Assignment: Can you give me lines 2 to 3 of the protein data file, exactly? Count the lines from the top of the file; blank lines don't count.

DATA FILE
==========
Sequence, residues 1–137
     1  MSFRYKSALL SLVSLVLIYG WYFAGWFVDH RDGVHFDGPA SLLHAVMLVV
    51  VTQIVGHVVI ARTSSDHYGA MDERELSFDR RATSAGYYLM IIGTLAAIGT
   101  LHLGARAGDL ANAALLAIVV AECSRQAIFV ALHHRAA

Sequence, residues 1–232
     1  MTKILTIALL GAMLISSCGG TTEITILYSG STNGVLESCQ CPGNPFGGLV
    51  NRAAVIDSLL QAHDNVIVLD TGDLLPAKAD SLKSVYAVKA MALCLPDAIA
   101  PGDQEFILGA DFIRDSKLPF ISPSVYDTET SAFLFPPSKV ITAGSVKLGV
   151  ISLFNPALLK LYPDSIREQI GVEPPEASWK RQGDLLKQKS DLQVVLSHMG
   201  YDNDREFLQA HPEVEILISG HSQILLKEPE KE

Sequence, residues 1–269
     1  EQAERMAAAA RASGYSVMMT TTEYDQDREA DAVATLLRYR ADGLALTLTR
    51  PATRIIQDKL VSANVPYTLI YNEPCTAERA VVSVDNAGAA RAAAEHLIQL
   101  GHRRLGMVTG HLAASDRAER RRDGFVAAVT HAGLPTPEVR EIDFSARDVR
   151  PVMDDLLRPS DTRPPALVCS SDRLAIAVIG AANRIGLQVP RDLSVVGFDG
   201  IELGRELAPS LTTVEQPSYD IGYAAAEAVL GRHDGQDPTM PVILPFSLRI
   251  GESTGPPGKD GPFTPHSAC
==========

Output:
     1  MSFRYKSALL SLVSLVLIYG WYFAGWFVDH RDGVHFDGPA SLLHAVMLVV
    51  VTQIVGHVVI ARTSSDHYGA MDERELSFDR RATSAGYYLM IIGTLAAIGT